Bad News for Supporters of Collective Bargaining

The showdown in Wisconsin over fringe benefits for public employees boils down to one number: 74.2. That's how many cents the public pays Milwaukee public-school teachers and other employees for retirement and health benefits for every dollar they receive in salary. The corresponding rate for employees of private firms is 24.3 cents.

Gov. Scott Walker's proposal would bring public-employee benefits closer in line with those of workers in the private sector. And to prevent benefits from reaching sky-high levels in the future, he wants to restrict collective-bargaining rights.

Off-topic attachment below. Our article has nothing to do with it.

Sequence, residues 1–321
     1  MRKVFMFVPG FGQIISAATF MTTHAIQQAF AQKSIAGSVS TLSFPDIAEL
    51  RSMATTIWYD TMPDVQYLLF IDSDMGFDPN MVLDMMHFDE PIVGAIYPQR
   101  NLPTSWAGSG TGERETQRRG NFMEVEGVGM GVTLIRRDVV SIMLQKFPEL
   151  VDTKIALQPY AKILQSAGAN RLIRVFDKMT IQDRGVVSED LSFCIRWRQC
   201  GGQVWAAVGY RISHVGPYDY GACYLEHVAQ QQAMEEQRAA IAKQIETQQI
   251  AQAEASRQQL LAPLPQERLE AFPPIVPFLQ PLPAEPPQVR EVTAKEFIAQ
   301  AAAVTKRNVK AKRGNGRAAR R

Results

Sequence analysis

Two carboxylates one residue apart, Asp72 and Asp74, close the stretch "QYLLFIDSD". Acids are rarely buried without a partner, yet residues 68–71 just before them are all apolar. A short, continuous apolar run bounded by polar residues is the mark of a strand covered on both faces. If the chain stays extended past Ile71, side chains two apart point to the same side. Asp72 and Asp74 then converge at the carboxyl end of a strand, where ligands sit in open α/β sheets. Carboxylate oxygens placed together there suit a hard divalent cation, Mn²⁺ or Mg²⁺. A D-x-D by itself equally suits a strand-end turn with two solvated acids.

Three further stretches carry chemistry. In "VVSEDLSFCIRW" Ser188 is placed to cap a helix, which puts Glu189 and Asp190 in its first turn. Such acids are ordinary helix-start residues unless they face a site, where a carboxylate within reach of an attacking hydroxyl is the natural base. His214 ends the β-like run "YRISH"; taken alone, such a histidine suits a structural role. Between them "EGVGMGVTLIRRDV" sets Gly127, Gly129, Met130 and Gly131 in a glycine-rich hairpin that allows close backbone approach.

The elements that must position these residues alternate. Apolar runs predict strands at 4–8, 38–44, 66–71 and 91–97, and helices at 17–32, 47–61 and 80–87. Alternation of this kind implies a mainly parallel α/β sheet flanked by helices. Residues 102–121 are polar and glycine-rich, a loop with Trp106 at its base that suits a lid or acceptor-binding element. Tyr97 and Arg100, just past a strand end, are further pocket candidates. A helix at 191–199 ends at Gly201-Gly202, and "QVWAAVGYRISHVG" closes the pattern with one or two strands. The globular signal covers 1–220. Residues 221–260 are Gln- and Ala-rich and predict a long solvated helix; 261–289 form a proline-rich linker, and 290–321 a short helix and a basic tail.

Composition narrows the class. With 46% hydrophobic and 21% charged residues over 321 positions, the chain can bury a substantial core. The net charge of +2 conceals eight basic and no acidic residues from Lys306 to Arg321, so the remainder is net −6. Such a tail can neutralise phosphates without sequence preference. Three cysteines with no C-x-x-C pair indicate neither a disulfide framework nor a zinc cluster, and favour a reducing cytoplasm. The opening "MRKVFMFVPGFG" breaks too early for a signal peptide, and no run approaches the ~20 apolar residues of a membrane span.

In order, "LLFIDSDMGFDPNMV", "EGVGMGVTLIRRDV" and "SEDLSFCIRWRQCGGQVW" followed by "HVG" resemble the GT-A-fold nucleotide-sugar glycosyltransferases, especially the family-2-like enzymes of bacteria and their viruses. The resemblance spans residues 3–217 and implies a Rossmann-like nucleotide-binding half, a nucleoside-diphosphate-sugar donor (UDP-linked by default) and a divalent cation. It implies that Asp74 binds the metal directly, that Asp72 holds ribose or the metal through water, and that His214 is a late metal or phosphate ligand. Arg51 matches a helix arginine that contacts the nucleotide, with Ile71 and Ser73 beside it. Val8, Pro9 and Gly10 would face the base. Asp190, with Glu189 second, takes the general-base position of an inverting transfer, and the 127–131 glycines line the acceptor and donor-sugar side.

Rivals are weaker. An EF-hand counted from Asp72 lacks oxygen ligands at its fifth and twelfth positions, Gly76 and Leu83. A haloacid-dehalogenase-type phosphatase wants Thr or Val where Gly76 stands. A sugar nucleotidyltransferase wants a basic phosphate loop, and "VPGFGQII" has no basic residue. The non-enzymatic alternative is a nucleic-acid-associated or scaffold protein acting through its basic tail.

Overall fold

The average Milwaukee public-school teacher salary is $56,500, but with benefits the total package is $100,005, according to the manager of financial planning for Milwaukee public schools. When I showed these figures to a friend, she asked me a simple question: "How can fringe benefits be nearly as much as salary?" The answers can be found by unpacking the numbers in the district's budget for this fiscal year: